Re: Ingrid Newkirk: Ethics Worth Fighting For

An interesting article.  I think it is a bit rich for any organisation to state "we abide by the law" while at the same time saying "we can't be responsible for the actions of individuals".  In the same vein Hammas is a political organisation, just because a few members take action that, I'm sure would be morally correct for them, which amounts to terrorist acts for others, I'm sure Hammas gets away with the same rhetoric as PETA.......or maybe not. 

 I don't have a problem with organisations having an ideology, but when they put forward an action plan for people to follow, it is just plain irresponsible to claim you are free from responsibility when people follow that action plan to its extremes.

 Suggesting Zoos should be boycotted, hasn't anyone been keeping up with the captive breeding program that seeks to keep endangered species going?  Humans have caused this problem, surely the morally appropriate thing to do would be to do something about it.

The example given of a dog trapped in a car, or what would you do if it was your animal are very emotive.  In my experience, when people find a dog trapped in a car and it looks like it's suffering, they call the authorities who then take appropriate action.  If this seems to take a bit long for some people, then they should be able to take responsibility for their actions when law enforcement turns up. With the equal opportunity legal system, the dog owner would be charged with animal cruelty offences, and the person doing the right thing may open themselves to prosecution for interfering with a motor vehicle and criminal damage.  I would hope the moral animal rights enthusiast would not whinge to authorities when the law is meted out in equal measure, remembering that the final judgement is in the court, not by the roadside or in the carpark. (you can be prosecuted and still hold the moral high ground)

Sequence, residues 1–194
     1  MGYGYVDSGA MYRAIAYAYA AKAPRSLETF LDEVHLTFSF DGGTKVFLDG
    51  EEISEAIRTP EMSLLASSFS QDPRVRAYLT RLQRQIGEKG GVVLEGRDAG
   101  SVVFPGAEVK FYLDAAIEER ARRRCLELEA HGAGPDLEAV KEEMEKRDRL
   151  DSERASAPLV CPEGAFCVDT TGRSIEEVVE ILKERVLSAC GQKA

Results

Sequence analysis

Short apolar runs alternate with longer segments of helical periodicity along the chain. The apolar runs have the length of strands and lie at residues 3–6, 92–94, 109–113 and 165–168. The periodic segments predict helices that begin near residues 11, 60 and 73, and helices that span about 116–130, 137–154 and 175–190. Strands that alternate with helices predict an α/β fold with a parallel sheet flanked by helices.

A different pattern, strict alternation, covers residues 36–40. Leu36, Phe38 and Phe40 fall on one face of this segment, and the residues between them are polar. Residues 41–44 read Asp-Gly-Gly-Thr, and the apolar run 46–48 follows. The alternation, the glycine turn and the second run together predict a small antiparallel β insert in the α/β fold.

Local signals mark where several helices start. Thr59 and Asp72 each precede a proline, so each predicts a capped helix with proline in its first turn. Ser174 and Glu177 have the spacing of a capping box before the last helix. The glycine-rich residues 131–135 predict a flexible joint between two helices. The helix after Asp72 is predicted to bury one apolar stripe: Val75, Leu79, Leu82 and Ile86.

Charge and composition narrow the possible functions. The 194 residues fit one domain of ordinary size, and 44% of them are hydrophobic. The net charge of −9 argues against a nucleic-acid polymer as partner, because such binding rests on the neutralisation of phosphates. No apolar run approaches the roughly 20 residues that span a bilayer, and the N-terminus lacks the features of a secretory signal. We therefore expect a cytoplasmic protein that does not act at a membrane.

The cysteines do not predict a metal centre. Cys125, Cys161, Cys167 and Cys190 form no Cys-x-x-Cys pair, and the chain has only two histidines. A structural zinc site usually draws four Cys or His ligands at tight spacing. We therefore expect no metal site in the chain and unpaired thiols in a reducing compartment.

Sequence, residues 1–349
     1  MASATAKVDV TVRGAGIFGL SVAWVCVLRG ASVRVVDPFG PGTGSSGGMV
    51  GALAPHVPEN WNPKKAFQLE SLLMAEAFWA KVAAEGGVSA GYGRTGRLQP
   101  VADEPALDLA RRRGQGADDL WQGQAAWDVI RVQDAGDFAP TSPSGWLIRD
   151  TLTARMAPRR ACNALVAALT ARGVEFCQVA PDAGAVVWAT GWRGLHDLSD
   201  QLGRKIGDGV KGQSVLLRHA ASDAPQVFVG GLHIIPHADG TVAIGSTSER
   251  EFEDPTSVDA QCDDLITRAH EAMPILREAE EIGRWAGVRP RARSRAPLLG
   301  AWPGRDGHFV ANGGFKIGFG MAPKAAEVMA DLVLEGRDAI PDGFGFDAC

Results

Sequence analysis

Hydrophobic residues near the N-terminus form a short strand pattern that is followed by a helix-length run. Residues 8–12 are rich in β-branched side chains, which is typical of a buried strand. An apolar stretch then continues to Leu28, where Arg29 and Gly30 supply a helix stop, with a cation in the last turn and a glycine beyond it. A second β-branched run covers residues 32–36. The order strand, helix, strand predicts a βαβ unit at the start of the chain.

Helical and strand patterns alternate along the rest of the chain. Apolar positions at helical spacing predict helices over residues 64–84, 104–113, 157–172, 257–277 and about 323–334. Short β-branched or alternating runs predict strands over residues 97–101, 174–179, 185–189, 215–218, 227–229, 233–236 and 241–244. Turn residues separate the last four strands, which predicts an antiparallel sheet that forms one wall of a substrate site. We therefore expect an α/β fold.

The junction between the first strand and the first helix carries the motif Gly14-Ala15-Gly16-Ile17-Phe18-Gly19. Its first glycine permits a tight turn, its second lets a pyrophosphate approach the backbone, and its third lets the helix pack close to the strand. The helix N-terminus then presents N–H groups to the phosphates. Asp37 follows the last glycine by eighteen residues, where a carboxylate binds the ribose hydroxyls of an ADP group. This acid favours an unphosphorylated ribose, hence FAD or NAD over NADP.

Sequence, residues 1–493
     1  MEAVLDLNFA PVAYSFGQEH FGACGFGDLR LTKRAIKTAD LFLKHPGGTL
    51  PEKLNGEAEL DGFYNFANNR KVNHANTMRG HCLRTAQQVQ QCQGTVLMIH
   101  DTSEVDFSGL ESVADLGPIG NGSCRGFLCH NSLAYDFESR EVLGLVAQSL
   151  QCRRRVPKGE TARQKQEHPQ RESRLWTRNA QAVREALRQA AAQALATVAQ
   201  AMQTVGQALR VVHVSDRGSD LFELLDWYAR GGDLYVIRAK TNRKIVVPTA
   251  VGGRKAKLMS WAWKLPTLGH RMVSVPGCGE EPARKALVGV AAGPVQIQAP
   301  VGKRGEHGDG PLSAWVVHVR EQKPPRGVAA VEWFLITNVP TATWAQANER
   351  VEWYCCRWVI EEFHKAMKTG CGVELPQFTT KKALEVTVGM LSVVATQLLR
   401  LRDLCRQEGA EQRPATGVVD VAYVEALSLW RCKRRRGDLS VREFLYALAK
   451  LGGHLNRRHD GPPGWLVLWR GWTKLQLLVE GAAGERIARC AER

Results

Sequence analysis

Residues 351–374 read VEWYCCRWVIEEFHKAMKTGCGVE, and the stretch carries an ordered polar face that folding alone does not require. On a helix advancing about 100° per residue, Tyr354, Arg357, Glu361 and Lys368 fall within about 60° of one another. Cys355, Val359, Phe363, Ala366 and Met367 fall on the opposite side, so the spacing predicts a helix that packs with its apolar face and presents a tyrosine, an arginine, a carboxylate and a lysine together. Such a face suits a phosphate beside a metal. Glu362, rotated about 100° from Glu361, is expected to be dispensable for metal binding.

In some circumstances, peoples moral compass can lead to the right outcome, but when mob mentality, or a corporation with no responsibility, comes into it, the right thing can become somewhat skewed by the views and mission of the corporation.

LinkedIn meets Tinder in this mindful networking app

Swipe right to make the connections that could change your career.

Getty Images
Swipe right. Match. Meet over coffee or set up a call.

No, we aren't talking about Tinder. Introducing Shapr, a free app that helps people with synergistic professional goals and skill sets easily meet and collaborate.

Keep reading Show less

What’s behind our appetite for self-destruction?

Is it "perverseness," the "death drive," or something else?

Photo by Brad Neathery on Unsplash
Mind & Brain

Each new year, people vow to put an end to self-destructive habits like smoking, overeating or overspending.

Keep reading Show less

34 years ago, a KGB defector chillingly predicted modern America

A disturbing interview given by a KGB defector in 1984 describes America of today and outlines four stages of mass brainwashing used by the KGB.

Politics & Current Affairs
  • Bezmenov described this process as "a great brainwashing" which has four basic stages.
  • The first stage is called "demoralization" which takes from 15 to 20 years to achieve.
  • According to the former KGB agent, that is the minimum number of years it takes to re-educate one generation of students that is normally exposed to the ideology of its country.
Keep reading Show less

Douglas Rushkoff – It’s not the technology’s fault

It's up to us humans to re-humanize our world. An economy that prioritizes growth and profits over humanity has led to digital platforms that "strip the topsoil" of human behavior, whole industries, and the planet, giving less and less back. And only we can save us.

Think Again Podcasts
  • It's an all-hands-on-deck moment in the arc of civilization.
  • Everyone has a choice: Do you want to try to earn enough money to insulate yourself from the world you're creating— or do you want to make the world a place you don't have to insulate yourself from?
Keep reading Show less